One-stage vs two-stage transposition of the basilic vein
Experimental: Two-stage transposition of the basilic vein
Two-stage transposition of the basilic vein
Procedure: Transposition of the basilic vein and anastomosis with the brachial vein
One-stage vs two-stage transposition of the basilic vein

Detailed Description:

Arteriovenous fistulas (AVFs) are made by anastomosing a vein to an artery in order to get the vein dilated with sufficient blood flow in order to puncture the vein and perform hemodialysis in patients with renal failure. The success rate of this procedure varies between 50-80% and depends mainly on the size of the vein, with success being higher with larger veins. One of the veins used for an AVF is the basilic vein, located at the upper arm. This vein is however deeply located and necessitates transposition during surgery to a less deep and lateral subcutaneous plane before the anastomosis with the artery, in order to be used. A single study has shown that surgery performed in two stages (one to enlarge the vein and the second one to relocate the enlarged vein under the wound, not in a new path) is more successful than doing the procedure in one stage.

The aim of this study is to confirm the findings of the single study mentioned above (one versus two stages of basilic vein AVF), with the difference that the basilic vein will be relocated outside the main wound, a method that is widely accepted as being better.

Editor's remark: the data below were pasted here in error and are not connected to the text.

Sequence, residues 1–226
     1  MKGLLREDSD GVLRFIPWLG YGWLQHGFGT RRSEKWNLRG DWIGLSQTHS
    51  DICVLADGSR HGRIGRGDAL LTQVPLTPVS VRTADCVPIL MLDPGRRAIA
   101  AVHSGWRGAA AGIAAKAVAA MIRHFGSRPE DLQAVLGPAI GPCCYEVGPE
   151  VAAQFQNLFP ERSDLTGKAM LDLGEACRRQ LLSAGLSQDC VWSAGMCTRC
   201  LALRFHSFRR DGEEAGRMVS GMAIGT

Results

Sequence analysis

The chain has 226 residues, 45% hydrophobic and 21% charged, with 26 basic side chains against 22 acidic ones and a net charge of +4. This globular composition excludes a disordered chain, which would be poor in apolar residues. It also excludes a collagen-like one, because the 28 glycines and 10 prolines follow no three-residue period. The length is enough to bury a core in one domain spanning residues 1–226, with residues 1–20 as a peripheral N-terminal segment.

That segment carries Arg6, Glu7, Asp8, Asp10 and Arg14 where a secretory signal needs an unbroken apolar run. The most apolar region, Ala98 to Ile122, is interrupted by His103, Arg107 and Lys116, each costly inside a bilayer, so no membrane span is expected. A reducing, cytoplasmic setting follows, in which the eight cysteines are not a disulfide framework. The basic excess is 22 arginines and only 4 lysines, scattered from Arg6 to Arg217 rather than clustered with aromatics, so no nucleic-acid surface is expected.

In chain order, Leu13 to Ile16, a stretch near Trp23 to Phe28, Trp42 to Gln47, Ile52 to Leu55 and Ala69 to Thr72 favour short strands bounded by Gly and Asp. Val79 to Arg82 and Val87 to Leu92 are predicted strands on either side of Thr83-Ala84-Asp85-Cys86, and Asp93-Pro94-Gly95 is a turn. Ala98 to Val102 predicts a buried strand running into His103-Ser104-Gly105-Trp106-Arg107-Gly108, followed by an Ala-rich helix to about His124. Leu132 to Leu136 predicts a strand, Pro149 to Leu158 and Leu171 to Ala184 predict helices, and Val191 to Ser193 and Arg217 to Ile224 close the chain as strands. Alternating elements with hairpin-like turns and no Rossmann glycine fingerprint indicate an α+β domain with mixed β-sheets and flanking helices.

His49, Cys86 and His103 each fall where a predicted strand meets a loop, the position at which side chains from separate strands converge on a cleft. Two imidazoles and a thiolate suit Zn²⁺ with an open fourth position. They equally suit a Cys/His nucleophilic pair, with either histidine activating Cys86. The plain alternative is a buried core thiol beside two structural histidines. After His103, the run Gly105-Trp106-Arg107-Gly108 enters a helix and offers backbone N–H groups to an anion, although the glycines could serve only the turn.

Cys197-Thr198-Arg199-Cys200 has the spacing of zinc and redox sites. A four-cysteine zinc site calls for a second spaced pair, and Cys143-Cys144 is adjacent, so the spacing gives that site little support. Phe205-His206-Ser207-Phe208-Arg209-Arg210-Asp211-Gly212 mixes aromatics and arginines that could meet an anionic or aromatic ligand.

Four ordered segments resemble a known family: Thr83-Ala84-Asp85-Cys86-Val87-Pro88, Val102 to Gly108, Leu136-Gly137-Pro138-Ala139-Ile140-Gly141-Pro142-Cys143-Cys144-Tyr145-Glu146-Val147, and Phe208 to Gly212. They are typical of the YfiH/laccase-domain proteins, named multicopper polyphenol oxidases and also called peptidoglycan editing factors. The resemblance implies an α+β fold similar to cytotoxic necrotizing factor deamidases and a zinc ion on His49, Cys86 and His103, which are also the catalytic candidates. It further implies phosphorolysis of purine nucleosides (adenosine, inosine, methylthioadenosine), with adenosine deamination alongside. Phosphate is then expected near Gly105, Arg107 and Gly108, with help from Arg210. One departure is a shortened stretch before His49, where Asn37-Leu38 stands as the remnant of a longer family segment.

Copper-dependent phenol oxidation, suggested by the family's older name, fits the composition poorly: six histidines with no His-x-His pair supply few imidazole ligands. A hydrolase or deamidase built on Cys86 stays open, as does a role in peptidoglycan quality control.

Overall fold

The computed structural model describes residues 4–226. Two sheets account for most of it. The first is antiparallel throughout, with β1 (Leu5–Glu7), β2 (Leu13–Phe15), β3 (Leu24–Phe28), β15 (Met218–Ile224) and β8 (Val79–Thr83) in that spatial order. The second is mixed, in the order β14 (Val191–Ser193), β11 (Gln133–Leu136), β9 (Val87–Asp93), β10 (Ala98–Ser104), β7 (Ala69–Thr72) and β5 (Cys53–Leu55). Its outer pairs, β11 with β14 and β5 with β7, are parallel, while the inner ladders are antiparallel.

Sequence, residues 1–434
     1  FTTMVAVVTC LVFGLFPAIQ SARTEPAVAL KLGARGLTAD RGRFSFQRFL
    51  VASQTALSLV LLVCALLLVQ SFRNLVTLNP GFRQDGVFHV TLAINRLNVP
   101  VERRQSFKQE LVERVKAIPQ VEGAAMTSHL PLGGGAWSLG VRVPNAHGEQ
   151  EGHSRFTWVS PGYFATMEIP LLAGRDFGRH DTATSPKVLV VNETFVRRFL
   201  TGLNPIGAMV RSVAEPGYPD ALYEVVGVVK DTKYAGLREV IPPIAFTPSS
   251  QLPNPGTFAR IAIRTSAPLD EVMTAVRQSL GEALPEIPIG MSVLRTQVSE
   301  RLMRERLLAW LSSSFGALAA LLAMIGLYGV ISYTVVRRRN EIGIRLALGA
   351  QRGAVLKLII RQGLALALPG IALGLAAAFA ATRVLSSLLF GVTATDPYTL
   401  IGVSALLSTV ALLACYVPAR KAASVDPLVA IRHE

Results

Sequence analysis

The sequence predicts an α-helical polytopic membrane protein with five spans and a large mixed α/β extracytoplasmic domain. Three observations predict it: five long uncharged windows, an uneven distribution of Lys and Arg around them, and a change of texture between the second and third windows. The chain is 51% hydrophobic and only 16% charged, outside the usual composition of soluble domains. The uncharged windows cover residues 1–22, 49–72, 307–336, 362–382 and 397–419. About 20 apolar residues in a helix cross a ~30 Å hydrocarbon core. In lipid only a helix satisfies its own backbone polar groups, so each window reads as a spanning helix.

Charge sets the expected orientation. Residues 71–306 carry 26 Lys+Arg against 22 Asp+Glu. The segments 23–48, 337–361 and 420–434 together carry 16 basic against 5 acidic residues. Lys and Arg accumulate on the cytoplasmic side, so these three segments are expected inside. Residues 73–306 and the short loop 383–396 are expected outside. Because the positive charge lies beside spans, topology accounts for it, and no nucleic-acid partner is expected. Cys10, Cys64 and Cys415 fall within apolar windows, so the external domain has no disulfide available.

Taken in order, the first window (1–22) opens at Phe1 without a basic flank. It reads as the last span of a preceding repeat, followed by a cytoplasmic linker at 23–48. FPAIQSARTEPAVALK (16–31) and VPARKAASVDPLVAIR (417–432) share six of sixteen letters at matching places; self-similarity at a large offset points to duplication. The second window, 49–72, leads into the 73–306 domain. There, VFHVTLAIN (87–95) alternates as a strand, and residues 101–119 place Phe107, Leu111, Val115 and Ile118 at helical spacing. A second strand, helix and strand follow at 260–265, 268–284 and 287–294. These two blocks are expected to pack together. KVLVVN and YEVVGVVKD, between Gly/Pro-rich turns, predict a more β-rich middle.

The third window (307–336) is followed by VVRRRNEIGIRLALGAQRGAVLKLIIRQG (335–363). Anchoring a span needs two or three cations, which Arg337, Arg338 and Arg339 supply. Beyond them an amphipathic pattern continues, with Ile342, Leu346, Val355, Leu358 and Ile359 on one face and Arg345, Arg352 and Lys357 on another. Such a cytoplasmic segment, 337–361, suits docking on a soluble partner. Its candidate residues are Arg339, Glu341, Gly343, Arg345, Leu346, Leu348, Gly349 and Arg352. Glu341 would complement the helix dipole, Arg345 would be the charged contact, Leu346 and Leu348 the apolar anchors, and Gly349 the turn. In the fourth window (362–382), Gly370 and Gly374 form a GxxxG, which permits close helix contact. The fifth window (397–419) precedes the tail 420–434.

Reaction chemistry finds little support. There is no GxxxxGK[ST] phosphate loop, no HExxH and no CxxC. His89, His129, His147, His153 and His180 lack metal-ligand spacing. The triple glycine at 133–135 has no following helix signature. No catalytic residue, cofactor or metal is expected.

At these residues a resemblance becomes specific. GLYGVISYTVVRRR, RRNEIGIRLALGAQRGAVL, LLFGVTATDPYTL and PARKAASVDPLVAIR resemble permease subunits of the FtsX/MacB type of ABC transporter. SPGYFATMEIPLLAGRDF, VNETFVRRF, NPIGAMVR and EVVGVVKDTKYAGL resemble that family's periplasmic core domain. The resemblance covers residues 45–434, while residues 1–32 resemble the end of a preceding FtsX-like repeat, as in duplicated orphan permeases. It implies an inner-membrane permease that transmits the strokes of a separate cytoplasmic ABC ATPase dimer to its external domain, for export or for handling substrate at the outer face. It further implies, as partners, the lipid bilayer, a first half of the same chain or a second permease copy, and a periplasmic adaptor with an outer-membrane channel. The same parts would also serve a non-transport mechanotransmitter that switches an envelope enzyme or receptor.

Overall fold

Eligibility

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Ages Eligible for Study:   18 Years to 90 Years   (Adult, Senior)
Sexes Eligible for Study:   All
Accepts Healthy Volunteers:   No
Criteria

Inclusion Criteria:

  • chronic renal failure on hemodialysis
  • chronic renal failure with anticipated hemodialysis

Exclusion Criteria:

  • Patient unwillingness, not consenting
  • Cephalic vein options
  • Basilic vein less than 2.5 mm
  • Basilic vein with intrinsic lesions, unsuitable for use
  Contacts and Locations
Information from the National Library of Medicine

To learn more about this study, you or your doctor may contact the study research staff using the contact information provided by the sponsor.

Please refer to this study by its ClinicalTrials.gov identifier (NCT number): NCT01274117


Locations
Greece
University Hospital of Patras
Patras, Achaia, Greece, 265034
Sponsors and Collaborators
University of Patras
Investigators
Principal Investigator: Stavros Kakkos, MD, PhD University of Patras
  More Information

Publications:
Responsible Party: Stavros Kakkos, Assistant Professor, University of Patras
ClinicalTrials.gov Identifier: NCT01274117     History of Changes
Other Study ID Numbers: 2/20-4-10
First Submitted: January 10, 2011
First Posted: January 11, 2011
Last Update Posted: June 2, 2015
Last Verified: June 2015

Keywords provided by Stavros Kakkos, University of Patras:
Chronic renal failure
Basilic vein transposition fistula

Additional relevant MeSH terms:
Fistula
Arteriovenous Fistula
Pathological Conditions, Anatomical
Arteriovenous Malformations
Vascular Malformations
Cardiovascular Abnormalities
Cardiovascular Diseases
Vascular Fistula
Vascular Diseases
Congenital Abnormalities